2. As stated above, the Registry is being funded by Google payments under the settlement agreement, but is being set up and led by the authors and the publishers, not Google--and is not exclusive to Google. That said, the registry will log all titles that are claimed with the name of the claimant, and notify any claimant if a conficting claim has been made for a title they have already claimed. The Registry has set proceedures for the resolution of conflicting claims set out at some length in the Setlement Agreement. Works published under license would be claimed by the author as the author, and--assuming that the work is not reverted--by the publisher which has been licensed the rights as its publisher.

3. First, the settlement does not authorize any POD activity, although perhaps the Registry could think about that down the road. Second, the rightsholder (publisher or author) sets the price for any book in the program. Third, for books in which no rightsholder legitimately claims rights (or those which do not specify pricing) there will be an algorithm to determine the consumer price for access to the text of the work--using original price, page count, pub date, category or genre, and possibly other data. Pricing bands will be tested to maximize the income for different kinds of books, and adjustments will be made accordingly to these "default" prices. The Regisrty will consult on these algorithms and oversee categorical pricing changes.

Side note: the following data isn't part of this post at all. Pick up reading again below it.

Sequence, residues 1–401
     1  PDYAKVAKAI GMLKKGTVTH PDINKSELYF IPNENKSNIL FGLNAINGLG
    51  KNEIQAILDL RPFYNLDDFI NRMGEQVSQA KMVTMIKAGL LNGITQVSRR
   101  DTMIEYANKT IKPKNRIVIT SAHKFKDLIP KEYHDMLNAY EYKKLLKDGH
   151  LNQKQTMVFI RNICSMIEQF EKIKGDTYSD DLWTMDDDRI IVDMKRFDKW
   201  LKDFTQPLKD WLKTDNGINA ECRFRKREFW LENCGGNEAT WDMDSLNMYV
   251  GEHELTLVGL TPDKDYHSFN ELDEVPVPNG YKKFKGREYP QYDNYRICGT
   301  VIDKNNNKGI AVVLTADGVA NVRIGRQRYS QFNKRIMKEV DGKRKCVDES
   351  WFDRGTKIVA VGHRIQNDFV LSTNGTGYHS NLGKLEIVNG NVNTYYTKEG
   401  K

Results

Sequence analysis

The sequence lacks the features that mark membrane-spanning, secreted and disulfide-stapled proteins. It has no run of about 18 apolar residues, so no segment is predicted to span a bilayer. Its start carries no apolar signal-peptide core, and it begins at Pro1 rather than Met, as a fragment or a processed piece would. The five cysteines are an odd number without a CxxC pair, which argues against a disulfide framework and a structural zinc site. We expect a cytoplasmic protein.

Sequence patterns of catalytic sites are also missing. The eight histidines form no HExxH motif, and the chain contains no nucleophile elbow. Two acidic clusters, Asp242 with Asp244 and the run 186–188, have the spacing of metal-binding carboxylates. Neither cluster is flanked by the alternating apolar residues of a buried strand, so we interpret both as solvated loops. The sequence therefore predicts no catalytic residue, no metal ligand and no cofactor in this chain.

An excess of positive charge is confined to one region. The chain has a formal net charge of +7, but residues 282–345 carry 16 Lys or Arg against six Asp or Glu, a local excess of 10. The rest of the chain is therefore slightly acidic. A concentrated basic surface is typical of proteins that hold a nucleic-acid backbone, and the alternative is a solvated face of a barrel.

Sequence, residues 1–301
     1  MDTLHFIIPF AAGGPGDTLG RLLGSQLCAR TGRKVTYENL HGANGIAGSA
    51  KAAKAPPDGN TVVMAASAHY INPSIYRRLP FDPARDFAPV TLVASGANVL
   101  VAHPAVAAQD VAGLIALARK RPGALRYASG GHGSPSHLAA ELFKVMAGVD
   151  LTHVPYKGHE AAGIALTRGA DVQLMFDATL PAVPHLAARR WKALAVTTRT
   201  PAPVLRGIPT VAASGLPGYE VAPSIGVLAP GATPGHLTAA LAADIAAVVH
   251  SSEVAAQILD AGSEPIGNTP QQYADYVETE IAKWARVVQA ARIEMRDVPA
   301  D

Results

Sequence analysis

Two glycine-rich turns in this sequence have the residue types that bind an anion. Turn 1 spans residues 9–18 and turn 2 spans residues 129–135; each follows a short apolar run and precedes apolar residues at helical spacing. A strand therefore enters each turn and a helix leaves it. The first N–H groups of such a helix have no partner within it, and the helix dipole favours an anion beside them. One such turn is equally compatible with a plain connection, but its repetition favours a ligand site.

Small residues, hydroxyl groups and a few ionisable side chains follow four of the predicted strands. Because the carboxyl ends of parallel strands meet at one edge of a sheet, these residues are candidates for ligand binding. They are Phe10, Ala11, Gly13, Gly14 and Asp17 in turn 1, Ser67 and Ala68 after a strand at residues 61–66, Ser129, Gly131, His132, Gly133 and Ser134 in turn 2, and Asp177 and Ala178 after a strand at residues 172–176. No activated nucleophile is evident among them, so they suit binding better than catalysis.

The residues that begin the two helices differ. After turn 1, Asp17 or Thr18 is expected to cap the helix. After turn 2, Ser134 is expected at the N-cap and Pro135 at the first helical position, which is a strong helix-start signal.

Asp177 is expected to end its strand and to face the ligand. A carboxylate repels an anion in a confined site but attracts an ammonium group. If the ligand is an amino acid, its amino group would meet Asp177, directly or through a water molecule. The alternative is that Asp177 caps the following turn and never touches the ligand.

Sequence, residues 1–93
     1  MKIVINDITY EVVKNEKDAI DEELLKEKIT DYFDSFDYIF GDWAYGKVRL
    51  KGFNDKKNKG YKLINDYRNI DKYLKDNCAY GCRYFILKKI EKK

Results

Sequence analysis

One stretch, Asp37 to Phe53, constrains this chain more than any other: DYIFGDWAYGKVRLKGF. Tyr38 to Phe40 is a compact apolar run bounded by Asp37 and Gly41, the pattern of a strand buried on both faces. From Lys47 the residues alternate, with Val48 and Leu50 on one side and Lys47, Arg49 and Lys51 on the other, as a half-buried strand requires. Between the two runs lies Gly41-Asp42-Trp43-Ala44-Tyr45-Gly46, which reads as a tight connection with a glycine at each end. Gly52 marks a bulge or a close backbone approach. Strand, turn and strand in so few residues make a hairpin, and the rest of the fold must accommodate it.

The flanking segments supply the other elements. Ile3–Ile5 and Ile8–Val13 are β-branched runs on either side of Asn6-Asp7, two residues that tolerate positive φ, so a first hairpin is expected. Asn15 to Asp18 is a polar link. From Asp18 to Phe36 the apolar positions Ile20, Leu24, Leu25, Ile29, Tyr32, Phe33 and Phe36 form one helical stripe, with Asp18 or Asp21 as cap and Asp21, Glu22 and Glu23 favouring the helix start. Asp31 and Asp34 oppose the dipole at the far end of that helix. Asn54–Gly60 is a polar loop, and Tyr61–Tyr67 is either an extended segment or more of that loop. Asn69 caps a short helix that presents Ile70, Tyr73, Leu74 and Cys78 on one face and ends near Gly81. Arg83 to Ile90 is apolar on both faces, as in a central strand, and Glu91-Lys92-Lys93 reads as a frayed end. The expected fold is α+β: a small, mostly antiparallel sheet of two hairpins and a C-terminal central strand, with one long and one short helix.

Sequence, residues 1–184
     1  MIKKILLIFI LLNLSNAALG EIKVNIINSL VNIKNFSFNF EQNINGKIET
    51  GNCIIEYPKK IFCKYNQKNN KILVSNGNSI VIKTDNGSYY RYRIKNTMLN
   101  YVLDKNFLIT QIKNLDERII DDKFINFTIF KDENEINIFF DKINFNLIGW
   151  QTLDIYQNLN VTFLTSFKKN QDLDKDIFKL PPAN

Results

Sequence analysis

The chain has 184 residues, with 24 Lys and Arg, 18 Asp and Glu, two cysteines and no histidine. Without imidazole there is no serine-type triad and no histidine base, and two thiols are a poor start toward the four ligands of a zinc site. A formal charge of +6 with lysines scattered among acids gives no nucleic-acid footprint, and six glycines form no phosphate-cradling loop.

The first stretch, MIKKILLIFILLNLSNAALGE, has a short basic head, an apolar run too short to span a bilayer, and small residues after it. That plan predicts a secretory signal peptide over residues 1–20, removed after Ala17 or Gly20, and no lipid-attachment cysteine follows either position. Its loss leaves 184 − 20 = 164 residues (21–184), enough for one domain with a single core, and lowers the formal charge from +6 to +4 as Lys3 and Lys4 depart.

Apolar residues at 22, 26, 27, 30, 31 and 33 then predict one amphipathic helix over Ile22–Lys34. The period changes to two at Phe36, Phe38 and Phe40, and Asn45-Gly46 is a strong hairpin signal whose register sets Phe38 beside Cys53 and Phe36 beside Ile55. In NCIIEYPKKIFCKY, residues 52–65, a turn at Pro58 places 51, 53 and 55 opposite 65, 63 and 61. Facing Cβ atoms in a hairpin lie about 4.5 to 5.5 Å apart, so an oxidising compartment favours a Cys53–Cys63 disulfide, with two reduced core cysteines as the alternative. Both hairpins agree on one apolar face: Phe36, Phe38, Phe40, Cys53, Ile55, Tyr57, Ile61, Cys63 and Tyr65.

4. The settlement respects territoriality, and the UK publisher could legitimately claim a title scanned in the US if no US publisher owns relevant publishing rights in that title.

5. Photographs will be suppressed in this program unless there is an alternative framework for their use.

6 and 7. The original text "body" is out of copyright and can be legally displayed in the Library Program (or any other program) without restriction--while the notes and introduction may well be in copyright, and will be subject to the terms of the agreement.

8 and 9. There are provisions in the agreement allowing rightsholders (of course, since these would create disputes over rights) or Google to challenge such fraudulent activities. The Registry will not authorize such claims, assuming that they are challenged and shown to be illegitimate. The claims process will require any claimant to act "to the best of his knowledge" and "in good faith" in making a claim to any rights--this sets up a legal and financial liability for anyone who engages in such fraudulent activity.

10. There are many audit provisions contained in the settlement agreement, and the Registry will be able to audit Google's activities accordingly. Once again, the Book Rights Registry will be led by a Board comprised equally of authors and publishers representatives--Google does not have a role in the management of the Registry.

Anonymous said...

Copyright invests in the creator of a work at the time of its creation. That's the law of copyright in the United States. Anyone who wishes to use the work MUST ASK PERMISSION. The creator has no obligation to "opt out" of anything in order to preserve her/his writes.

The Google agreement is an end run around copyright law. Accepting their right to impose such a requirement is to cooperate with this theft.

They should be prosecuted. By the U.S. government for intentional infringement. And fined very big bucks.--judith